At a cultural level, Japan is a nation that knows how to prepare for and respond to natural disasters. Right now, a frightening number of Americans – and an even more frightening number of American politicians – are still convinced that climate change is a hoax, that scientists are biased, and that only God is responsible for the weather. How can a nation prepare for a threat it won’t admit exists? How can it rebuild from the aftermath if it doubts there’ll be a next time?

Watching Shin Godzilla, I was most strongly reminded, not of any of the recent American versions, but The Martian. While the science in Shin Godzilla is clearly more handwavium than hard, it’s nonetheless a film in which scientific collaboration, teamwork and international cooperation save the day. The last, despite a denouement that pits Japan against an internationally imposed deadline, is of particular importance, as global networking still takes place across scientific and diplomatic back-channels. It’s a rare American disaster movie that acknowledges the existence or utility of other countries, especially non-Western ones, beyond shots of collapsing monuments, and even then, it’s usually in the context of the US naturally taking the global lead once they figure out a plan. The fact that the US routinely receives international aid in the wake of its own disasters is seemingly little-known in the country itself; that Texas’s Secretary of State recently appeared to turn down Canadian aid in the wake of Harvey, while now being called a misunderstanding, is nonetheless suggestive of confusion over this point.

As a film, Shin Godzilla isn’t without its weaknesses: the monster design is a clear homage to the original Japanese films, which means it occasionally looks more stop-motion comical than is ideal; there’s a bit too much cutting dramatically between office scenes at times; and the few sections of English-language dialogue are hilariously awkward in the mouths of American actors, because the word-choice and use of idiom remains purely Japanese. Even so, these are ultimately small complaints: there’s a dry, understated sense of humour evident throughout, even during some of the heavier moments, and while it’s not an action film in the American sense, I still found it both engaging and satisfying.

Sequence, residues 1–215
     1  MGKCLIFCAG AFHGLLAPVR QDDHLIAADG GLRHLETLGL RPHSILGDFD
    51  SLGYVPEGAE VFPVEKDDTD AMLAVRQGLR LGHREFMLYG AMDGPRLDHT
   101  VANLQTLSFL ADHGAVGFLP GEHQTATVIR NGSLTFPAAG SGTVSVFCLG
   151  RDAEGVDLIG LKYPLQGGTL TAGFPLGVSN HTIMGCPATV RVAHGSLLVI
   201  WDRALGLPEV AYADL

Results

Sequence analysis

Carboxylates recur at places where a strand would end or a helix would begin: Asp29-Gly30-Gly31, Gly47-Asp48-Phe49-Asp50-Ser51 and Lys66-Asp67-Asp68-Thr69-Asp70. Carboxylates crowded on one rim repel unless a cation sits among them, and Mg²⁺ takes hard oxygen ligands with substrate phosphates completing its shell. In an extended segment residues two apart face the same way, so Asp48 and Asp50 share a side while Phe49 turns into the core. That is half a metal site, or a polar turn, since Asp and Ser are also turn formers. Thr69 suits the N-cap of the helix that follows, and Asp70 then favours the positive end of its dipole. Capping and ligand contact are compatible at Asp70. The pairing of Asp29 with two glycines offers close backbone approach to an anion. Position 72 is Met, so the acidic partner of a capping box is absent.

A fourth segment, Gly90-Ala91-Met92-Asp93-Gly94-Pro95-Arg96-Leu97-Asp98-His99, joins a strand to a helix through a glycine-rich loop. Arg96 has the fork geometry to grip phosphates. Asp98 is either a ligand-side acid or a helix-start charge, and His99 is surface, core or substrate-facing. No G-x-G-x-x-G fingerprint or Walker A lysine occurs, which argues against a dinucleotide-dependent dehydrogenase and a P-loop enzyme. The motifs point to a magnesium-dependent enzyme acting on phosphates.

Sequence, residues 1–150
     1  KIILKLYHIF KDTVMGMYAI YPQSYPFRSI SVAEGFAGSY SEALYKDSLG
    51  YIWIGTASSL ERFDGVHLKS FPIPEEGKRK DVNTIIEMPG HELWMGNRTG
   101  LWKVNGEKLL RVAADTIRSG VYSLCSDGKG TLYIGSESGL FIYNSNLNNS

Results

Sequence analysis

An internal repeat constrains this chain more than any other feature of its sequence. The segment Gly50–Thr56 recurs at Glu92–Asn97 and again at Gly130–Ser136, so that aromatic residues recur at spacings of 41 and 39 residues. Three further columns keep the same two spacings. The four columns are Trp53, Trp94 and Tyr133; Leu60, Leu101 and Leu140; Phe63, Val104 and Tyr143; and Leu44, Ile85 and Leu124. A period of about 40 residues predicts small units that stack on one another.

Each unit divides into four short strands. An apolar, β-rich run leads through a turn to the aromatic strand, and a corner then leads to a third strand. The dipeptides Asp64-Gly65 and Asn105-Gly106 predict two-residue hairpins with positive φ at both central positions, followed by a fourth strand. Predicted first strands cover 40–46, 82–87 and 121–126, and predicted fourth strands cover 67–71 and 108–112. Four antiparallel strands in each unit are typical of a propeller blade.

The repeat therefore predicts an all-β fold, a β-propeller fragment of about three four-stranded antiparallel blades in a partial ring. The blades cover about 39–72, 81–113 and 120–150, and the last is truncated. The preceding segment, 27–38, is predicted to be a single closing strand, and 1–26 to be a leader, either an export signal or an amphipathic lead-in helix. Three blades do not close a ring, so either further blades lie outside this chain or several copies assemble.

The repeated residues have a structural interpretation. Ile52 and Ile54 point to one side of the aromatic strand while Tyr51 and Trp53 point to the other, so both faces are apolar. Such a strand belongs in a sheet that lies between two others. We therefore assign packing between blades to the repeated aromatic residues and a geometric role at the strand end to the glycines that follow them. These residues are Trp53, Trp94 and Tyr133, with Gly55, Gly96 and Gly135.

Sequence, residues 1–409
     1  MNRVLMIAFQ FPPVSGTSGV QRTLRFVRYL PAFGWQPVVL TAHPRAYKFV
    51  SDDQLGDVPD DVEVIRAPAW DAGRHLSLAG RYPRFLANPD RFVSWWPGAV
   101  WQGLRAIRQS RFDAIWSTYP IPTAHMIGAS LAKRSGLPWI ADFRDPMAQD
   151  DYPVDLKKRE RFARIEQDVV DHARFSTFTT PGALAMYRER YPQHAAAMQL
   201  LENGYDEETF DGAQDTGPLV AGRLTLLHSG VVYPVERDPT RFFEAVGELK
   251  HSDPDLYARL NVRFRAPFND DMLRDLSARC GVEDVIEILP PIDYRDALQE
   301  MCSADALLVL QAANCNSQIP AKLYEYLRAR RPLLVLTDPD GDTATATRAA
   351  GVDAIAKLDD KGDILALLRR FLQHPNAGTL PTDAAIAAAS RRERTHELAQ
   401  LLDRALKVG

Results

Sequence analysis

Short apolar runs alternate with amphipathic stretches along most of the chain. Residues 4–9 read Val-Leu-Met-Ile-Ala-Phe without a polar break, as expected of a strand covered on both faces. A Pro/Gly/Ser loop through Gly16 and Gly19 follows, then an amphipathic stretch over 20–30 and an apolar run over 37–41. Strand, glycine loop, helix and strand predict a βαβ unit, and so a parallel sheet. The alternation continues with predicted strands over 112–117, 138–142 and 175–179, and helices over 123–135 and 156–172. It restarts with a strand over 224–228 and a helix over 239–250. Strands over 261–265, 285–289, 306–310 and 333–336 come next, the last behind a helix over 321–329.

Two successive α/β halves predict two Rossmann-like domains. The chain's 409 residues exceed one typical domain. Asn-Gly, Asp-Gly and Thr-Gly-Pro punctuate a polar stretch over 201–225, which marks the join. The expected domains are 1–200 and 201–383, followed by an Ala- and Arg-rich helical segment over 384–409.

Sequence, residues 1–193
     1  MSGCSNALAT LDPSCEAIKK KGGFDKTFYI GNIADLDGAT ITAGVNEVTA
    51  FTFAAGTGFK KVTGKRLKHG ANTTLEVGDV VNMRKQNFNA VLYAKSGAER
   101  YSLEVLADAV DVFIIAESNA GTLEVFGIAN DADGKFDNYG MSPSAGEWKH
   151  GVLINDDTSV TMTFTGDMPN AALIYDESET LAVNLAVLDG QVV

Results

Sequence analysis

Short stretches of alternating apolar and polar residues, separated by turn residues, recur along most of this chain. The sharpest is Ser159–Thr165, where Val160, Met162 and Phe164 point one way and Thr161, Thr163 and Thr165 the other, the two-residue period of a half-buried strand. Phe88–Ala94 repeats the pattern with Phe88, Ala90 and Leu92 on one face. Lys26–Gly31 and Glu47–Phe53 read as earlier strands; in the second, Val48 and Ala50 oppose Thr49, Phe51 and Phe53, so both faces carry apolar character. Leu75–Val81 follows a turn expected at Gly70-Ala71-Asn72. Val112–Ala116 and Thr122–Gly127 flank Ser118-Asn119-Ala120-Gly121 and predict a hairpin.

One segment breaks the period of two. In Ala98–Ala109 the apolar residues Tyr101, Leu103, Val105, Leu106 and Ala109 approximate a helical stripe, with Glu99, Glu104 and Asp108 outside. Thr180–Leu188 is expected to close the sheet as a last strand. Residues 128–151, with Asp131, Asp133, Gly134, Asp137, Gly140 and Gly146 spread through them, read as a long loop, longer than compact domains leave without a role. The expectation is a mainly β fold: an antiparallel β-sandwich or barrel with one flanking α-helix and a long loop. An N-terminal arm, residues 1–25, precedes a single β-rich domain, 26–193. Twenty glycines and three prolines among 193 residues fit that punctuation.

But above all, at this point in time – as I spend each morning worriedly checking the safety of various friends endangered by hurricane and flood and fire; as my mother calls to worry about the lack of rain as our own useless government dithers on climate science – what I found most refreshing was a film in which the authorities, despite their faults and foibles, were assumed and proven competent, even in the throes of crisis, and in which scientists were trusted rather than dismissed. Earlier this year, in response to an article we both read, my mother bought me a newly-released collection of the works of children’s poet Misuzu Kaneko, whose poem “Are You An Echo?” was used to buoy the Japanese public in the aftermath of the 2011 tsunami . Watching Shin Godzilla, it came back to me, and so I feel moved to end with it here.

May we all build better futures; may we all write better stories.

Are You An Echo?

If I say, “Let’s play?”
you say, “Let’s play!”

If I say, “Stupid!”
you say, “Stupid!”